Legendary martial artist Bruce Lee is the subject of this thoughtful documentary by Lee aficionado John Little. Using interviews, behind-the-scenes footage and action sequences from Lee's ... See full summary »
Based on the life and career of Martial Arts superstar, Bruce Lee. Haunted by demons. Bruce was taught Martial arts at childhood. Bruce then was told by his father to flee to the United States. There, he opened up a Martial Arts school, then was chosen to be the Green Hornet's sidekick, Kato. Then, his big movie career that included "The Big Boss" and "Enter the Dragon". Fighting many enemies along the way, including his childhood demon. Written by
The love theme that composer Randy Edleman wrote for the Dragon: The Bruce Lee Story (1993) soundtrack (called "Bruce and Linda" on the album) has scored dozens of other movies' trailers, including Forrest Gump (1994), Cradle Will Rock (1999), and The Truman Show (1998). It became such a common choice, especially for the "dramatic montage" latter section of trailers, that when the humor website cracked.com and the comedy duo BriTANicK made a widely forwarded 2009 parody of movie trailers, they also used Edleman's music for the same purpose. See more »
In the nightmare sequence at the martial arts school, a slightly low-angled two-shot of Lee and the armoured warrior shows a large boom mic dangling through the mist above their heads. See more »
Confusion in the narrative and an overly comic book approach does not hinder the lead performance...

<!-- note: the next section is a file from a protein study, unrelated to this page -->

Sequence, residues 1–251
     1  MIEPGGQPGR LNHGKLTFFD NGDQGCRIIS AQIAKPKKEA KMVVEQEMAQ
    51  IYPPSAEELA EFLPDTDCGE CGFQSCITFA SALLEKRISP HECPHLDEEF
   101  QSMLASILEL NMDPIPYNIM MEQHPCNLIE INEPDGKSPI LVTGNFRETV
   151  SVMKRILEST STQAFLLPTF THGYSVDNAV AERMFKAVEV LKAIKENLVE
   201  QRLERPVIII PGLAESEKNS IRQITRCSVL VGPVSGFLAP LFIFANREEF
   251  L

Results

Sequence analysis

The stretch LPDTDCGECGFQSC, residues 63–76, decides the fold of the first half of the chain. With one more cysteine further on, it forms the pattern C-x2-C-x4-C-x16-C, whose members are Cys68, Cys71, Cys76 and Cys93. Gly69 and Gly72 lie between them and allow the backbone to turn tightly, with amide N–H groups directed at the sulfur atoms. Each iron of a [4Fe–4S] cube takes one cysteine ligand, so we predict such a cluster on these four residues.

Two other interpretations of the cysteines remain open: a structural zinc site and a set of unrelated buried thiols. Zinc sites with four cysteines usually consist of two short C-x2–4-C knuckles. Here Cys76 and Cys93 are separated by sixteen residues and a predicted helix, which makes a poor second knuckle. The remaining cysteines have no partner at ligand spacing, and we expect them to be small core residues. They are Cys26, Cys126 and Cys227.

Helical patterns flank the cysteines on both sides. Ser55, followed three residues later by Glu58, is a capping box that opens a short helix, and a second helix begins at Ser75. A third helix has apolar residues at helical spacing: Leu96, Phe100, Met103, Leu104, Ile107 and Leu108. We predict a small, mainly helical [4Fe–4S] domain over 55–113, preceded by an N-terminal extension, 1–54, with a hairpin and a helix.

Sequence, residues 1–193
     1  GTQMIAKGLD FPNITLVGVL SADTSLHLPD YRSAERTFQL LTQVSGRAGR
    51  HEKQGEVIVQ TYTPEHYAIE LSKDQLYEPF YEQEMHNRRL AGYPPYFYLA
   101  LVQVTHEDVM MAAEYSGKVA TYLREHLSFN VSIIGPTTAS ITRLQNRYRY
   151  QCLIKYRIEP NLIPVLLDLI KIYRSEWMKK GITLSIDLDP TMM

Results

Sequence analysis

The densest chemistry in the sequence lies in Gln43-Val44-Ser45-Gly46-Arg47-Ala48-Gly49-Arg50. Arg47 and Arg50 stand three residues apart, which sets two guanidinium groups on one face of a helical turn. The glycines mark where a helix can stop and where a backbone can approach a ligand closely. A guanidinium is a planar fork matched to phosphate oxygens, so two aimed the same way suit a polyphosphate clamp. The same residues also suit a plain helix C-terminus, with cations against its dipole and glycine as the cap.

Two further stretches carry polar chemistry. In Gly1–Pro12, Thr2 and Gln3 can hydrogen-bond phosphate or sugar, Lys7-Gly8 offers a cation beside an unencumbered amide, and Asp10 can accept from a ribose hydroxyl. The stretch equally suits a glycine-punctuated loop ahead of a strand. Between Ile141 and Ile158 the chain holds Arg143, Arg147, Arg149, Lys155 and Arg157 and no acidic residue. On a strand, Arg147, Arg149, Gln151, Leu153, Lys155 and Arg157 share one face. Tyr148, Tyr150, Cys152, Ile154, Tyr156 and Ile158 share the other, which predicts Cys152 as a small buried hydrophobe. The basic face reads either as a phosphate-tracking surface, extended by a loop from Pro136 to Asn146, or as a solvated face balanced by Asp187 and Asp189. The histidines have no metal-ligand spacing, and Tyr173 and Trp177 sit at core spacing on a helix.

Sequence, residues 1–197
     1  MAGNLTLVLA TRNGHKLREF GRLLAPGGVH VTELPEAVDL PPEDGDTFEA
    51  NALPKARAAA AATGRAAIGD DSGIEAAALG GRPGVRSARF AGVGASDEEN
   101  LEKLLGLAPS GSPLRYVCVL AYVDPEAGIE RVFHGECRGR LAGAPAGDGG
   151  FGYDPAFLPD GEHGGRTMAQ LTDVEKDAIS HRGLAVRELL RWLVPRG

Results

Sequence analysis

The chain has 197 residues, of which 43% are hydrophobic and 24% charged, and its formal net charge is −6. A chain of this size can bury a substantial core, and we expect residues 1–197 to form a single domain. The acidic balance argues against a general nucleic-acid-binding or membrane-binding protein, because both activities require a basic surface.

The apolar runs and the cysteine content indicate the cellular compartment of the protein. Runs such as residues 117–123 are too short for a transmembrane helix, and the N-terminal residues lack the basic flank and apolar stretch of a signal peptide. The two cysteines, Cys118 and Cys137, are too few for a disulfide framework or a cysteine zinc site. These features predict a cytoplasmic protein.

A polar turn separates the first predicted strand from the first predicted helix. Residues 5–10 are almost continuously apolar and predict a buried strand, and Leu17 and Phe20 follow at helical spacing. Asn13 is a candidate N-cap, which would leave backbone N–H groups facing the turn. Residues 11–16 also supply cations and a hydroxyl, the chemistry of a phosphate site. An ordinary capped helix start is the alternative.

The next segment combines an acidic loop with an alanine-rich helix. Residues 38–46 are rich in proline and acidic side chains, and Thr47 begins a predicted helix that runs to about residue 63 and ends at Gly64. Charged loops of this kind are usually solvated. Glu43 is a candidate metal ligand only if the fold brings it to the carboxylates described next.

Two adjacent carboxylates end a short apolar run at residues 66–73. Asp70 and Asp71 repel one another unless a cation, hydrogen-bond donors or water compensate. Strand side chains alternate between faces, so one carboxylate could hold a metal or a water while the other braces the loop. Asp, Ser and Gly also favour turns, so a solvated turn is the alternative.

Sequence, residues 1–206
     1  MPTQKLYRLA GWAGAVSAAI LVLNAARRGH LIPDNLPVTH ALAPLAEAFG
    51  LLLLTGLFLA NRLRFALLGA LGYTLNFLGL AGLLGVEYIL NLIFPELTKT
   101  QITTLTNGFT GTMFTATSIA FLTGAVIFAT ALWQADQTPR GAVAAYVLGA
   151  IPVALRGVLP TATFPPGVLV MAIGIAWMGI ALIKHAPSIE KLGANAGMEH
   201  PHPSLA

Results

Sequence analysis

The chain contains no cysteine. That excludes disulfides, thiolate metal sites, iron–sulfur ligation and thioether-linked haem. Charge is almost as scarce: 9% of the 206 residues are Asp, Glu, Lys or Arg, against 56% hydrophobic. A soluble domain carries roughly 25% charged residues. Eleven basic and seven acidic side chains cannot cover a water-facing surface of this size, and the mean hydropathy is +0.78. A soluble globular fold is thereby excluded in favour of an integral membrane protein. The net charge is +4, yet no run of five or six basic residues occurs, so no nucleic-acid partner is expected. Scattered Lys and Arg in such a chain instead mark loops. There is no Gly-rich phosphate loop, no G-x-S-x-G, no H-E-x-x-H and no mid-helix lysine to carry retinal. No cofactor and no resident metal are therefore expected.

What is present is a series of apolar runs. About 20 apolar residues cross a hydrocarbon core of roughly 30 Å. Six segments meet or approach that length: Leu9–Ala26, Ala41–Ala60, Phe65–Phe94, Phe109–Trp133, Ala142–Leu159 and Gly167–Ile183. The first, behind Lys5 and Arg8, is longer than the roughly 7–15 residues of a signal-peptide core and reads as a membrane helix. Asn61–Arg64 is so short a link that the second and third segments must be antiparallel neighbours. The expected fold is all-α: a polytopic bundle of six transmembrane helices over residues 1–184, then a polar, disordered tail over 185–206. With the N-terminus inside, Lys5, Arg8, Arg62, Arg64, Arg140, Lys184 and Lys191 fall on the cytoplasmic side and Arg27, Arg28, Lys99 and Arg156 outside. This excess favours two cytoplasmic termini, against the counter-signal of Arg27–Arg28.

The turbulent, sometimes trying life of Bruce Lee, born Lee Jun-Fan in San Francisco and raised in Hong Kong, who was the leading proponent of Wing Chun Gung Fu and Wu style Tai Chi Chuan in the mid-'60s, as well as a boxing champ, a California martial-arts teacher, loving husband to a young American woman who soon gave him two children, and an international television and movie star in the early 1970s. Jason Scott Lee gives a commanding, one-of-a-kind performance as Bruce Lee, and the film is a well-produced chronicle of one of the most curious and intriguing icons of the last 50 years. Still, the picture seems to play a little fast and loose with the facts, and anyone hoping for a comprehensive look behind the legend is likely to be disappointed. Because this is a dramatized biography of possibly the most popular of martial-arts masters, there's certainly a whole lot of mortal combat (some of which is purely extraneous, pumped up to satisfy the target audience), and the approach is a bit more 'comic book' than serious students might like. The supporting characters and extras are over-directed in their enthusiasm, yet nothing seems to get in the way of Jason Scott Lee who, though perhaps more bulky in frame than the real Bruce Lee, does everything he can with this role and more. ** from ****
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